Freedom of Choice -Reply
nlandau at eden.rutgers.edu
Fri Jan 10 23:36:51 EST 1997
PROJANS at war.wyeth.com (Steven Projan) writes:
>While I am far from an expert on vaccines, being vaccinated is not a
>guarantee that you are no longer susceptible to infection. The
>degree of protective response to a given vaccine varies depending on
>a multitude of factors such as the type of vaccine (e.g.
>live-attenuated strain, subunit vaccine, killed preparation, etc.),
>the organism the vaccine is based on (virus, bacteria, parasite, and
>the different species within each group), the manufacturing batch.
>Not to mention the person being vaccinated.
Well, I am far from an expert in this area, as well. In any case,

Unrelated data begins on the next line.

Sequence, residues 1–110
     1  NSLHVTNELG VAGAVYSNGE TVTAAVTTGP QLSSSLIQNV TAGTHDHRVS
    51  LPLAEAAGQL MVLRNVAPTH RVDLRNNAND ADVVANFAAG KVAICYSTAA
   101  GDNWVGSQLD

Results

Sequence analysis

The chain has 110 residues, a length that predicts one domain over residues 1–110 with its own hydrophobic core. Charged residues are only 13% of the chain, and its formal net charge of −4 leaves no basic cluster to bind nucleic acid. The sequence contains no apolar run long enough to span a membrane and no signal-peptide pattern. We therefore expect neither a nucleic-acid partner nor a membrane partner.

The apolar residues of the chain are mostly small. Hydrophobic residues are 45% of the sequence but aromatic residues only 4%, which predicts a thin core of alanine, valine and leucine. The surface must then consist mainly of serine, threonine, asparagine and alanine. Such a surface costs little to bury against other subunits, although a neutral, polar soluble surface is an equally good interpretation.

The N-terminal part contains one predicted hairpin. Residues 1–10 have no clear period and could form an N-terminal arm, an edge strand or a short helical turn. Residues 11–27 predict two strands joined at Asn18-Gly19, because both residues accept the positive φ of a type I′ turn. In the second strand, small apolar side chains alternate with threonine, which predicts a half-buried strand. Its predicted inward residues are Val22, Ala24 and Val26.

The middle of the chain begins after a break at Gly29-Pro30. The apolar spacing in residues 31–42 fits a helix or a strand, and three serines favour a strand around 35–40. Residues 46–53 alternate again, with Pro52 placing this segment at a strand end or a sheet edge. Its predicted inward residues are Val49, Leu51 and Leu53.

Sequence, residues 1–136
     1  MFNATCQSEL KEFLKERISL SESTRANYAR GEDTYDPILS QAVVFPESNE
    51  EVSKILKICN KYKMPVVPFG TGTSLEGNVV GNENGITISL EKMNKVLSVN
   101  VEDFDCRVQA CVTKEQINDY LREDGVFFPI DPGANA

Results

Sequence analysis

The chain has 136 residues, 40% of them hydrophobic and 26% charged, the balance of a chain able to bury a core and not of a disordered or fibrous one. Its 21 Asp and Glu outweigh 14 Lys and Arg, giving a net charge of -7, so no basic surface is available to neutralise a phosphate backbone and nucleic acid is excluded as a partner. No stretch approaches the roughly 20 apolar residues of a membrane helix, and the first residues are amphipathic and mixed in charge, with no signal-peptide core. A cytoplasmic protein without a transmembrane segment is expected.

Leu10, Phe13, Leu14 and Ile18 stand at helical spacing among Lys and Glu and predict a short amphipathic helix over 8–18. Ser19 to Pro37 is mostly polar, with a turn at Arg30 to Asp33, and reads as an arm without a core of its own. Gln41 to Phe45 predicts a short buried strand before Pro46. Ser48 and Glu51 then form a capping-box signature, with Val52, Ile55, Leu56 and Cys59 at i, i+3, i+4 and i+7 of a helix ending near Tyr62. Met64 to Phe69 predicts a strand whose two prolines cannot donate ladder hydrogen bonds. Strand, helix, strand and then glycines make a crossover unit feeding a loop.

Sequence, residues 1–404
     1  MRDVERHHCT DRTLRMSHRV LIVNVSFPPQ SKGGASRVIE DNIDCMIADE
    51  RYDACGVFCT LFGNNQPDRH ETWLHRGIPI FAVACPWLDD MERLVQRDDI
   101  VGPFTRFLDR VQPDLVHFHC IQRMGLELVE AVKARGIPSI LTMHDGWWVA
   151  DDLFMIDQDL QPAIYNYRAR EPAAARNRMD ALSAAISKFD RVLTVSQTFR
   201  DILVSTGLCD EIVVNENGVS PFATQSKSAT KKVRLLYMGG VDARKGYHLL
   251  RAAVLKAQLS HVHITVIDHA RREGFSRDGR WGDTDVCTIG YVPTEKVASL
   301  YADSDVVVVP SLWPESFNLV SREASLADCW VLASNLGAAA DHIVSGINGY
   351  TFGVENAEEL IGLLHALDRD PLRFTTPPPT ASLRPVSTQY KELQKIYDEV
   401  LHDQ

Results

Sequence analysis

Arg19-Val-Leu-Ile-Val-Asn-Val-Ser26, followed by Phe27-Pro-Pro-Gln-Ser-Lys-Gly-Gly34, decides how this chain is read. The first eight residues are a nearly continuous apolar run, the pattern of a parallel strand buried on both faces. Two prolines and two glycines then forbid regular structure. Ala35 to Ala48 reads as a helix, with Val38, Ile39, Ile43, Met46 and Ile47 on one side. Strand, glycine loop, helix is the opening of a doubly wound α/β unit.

uninoculated kids are at a far greater risk of contagion than kids
who have been inoculated. It is ironic that the low incidence of
contagious childhood diseases, which once took such a huge toll,
has caused people to believe that inoculation is no longer important
in preventing epidemic. Although the risk of side effect may exceed
the rate of infection this year, that is bound to change as the
susceptible population grows.
What did that post say? That 50% of the kids in Australia do not
receive childhood vaccinations? Because they thought epidemic
unlikely, it sounds like it is quite likely!
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